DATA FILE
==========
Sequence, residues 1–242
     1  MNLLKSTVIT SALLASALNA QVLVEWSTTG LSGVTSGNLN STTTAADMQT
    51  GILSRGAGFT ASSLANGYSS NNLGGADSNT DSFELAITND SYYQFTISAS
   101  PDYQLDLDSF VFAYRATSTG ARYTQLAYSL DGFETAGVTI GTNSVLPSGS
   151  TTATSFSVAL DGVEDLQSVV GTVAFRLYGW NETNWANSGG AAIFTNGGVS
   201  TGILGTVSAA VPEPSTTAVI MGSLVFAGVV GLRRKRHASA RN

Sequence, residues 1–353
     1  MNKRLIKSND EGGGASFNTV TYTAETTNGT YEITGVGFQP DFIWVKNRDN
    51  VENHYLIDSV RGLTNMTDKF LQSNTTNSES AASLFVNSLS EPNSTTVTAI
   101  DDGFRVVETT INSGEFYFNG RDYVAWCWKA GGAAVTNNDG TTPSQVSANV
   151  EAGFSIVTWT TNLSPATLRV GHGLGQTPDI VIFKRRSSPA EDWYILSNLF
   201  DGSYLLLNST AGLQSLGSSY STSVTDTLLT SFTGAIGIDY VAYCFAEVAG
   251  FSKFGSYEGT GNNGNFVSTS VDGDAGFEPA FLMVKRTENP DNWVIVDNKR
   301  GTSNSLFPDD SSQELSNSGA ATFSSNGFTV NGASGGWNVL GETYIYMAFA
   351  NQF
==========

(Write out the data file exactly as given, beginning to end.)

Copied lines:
Sequence, residues 1–242
     1  MNLLKSTVIT SALLASALNA QVLVEWSTTG LSGVTSGNLN STTTAADMQT
    51  GILSRGAGFT ASSLANGYSS NNLGGADSNT DSFELAITND SYYQFTISAS
   101  PDYQLDLDSF VFAYRATSTG ARYTQLAYSL DGFETAGVTI GTNSVLPSGS
   151  TTATSFSVAL DGVEDLQSVV GTVAFRLYGW NETNWANSGG AAIFTNGGVS
   201  TGILGTVSAA VPEPSTTAVI MGSLVFAGVV GLRRKRHASA RN

Sequence, residues 1–353
     1  MNKRLIKSND EGGGASFNTV TYTAETTNGT YEITGVGFQP DFIWVKNRDN
    51  VENHYLIDSV RGLTNMTDKF LQSNTTNSES AASLFVNSLS EPNSTTVTAI
   101  DDGFRVVETT INSGEFYFNG RDYVAWCWKA GGAAVTNNDG TTPSQVSANV
   151  EAGFSIVTWT TNLSPATLRV GHGLGQTPDI VIFKRRSSPA EDWYILSNLF
   201  DGSYLLLNST AGLQSLGSSY STSVTDTLLT SFTGAIGIDY VAYCFAEVAG
   251  FSKFGSYEGT GNNGNFVSTS VDGDAGFEPA FLMVKRTENP DNWVIVDNKR
   301  GTSNSLFPDD SSQELSNSGA ATFSSNGFTV NGASGGWNVL GETYIYMAFA
   351  NQF